You Need a Private Facebook Group: Here’s How to Build a Profitable One

Yes, you really need a private Facebook group.

As personal trainers, we need to have a solid grip on the needs and struggles that our clients face. By creating a private group, you can do just that.

For example, I manage a group for women between 35-50 years old who are looking to lose weight as part of my 10 in 4 Challenge program. Everyone in the group has the same goal: losing 10 pounds in 4 weeks, then keeping that weight off (and hopefully losing even more!).

This intimate community allows them to hold each other accountable, offer advice to each other, and motivate each other.

But that's just the start. Building the right Facebook group can do so much more for your clients AND your business.

Because of the default notification settings for any Facebook group members, every time I post within the group, all members are alerted, essentially guaranteeing that they see what I have to say.

This is perfect for advertising my other programs or products (i.e. upselling and cross-selling) that I think will benefit them in their journey.

This groups also allows me to do market research. As members post about their experiences, I can see what many of them are struggling with. This insight allows me to create new services to offer, and in turn, can bring in new streams of revenue.

Quite simply, if you don't have a private (a.k.a "closed) Facebook group for your clients and followers, you're missing out. Here are the steps you need to take to change that:​

1. Create a Specific Private Group

private Facebook group

Private Facebook groups are meant for tight-knit communities. Everyone who becomes a member should have roughly the same goals as everyone else in the group.

In other words, creating "Jay's Fitness Group For Everyone" isn't ideal. You want to hone in on your ideal clientele and foster a community build for just them.​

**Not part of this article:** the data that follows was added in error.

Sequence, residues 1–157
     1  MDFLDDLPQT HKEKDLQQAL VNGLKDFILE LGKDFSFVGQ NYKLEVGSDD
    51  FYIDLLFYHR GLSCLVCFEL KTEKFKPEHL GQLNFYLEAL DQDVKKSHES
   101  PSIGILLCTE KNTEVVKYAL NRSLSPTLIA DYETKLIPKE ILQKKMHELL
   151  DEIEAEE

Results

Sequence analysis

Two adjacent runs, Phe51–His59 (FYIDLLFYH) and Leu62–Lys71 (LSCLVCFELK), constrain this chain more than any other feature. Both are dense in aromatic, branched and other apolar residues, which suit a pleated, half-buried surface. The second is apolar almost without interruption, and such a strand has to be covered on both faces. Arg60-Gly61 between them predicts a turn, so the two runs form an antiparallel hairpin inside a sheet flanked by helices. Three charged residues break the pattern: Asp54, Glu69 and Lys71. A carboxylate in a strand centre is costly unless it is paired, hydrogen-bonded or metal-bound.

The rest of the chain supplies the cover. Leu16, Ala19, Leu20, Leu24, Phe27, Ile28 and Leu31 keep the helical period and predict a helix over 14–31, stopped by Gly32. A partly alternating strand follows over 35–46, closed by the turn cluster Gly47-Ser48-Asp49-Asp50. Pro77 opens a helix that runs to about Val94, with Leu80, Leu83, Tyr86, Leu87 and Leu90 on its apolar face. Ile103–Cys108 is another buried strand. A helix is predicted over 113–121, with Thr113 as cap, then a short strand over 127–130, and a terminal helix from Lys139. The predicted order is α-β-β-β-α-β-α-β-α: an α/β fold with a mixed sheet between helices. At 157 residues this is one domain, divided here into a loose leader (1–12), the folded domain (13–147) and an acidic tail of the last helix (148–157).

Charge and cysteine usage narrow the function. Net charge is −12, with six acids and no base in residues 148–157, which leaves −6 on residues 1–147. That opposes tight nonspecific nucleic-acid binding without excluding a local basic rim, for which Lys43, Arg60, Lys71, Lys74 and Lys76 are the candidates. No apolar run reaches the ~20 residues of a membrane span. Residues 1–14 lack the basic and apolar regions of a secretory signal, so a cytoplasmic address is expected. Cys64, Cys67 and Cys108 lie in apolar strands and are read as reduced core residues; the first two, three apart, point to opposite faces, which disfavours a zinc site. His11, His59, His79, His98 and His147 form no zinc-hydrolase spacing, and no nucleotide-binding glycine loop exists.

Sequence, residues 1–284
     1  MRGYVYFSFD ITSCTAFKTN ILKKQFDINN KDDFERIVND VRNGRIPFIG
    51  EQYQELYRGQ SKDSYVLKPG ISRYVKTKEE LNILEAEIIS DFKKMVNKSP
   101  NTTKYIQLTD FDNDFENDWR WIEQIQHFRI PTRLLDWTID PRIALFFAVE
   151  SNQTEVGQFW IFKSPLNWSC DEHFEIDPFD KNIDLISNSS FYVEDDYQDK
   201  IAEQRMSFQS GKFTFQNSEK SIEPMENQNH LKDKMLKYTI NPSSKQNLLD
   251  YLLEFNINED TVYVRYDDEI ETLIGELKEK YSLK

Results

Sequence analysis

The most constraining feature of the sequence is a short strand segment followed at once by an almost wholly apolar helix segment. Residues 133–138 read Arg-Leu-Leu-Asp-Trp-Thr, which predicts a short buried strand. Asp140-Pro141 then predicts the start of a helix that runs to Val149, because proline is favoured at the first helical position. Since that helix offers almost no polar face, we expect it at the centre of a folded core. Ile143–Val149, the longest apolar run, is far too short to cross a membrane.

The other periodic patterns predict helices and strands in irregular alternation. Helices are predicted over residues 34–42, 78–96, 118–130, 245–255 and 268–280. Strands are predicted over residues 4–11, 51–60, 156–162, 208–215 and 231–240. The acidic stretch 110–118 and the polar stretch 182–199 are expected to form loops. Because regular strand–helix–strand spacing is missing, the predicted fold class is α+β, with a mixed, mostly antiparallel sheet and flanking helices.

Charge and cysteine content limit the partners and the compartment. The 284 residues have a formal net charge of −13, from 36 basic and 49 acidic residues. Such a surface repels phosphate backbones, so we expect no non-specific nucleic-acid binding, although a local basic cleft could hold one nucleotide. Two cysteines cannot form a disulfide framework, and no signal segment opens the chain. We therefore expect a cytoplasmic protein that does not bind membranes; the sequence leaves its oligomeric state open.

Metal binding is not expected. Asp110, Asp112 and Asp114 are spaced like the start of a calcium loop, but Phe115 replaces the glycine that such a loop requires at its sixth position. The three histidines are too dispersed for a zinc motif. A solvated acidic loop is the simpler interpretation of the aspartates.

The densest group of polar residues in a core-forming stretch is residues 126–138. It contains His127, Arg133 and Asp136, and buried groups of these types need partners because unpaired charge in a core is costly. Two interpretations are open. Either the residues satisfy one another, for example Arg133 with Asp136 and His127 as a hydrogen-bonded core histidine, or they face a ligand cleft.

Again going back to my group - it's for women only, of a certain age range, and is a bonus for joining my 10 in 4 Challenge program.

IMPORTANT NOTE: You cannot sell access to your private group, per Facebook’s rules! You can be permanently banned (ouch!) from Facebook if you do. Package it as a free bonus, so you don’t break the rules.

For your group, it should be specific, and the qualifications clearly explained. The more specific the group, the stronger the bond between members.

When creating the group, you have a couple options. Since this is a private group, you’ll want to choose "Closed" or "Secret."

A Closed group means that your group will be searchable and viewable by non-members, but posts will only be seen by members. People can also request to join.

A Secret group means it cannot be found and is usually invite only.

I opted to make my business Closed for advertising purposes. Closed groups can show up as suggested groups, advertising my program for free. When unqualified people request membership, it’s the perfect way to sell my services and help them become a qualified member.

2. Give Them a Guide

Facebook group guidelines

To preserve an encouraging and positive atmosphere, you’ll have to provide some guidelines about what can and can’t be posted. Also, post a mission statement that will keep members focused on their goals.

The most important aspect of a group is it being a healthy and safe environment for people to share. Creating guidelines, as opposed to a list of dos and don’ts, will allow full expression for your members and feels less aggressive than a list of rules.

However, this is not to say that you shouldn’t use rules. Certain lines can’t be crossed, so make sure that’s clear from the beginning (e.g. “Don’t be a jerk”; “Let’s keep content PG”).

This will keep the community on the same page and make your job easier.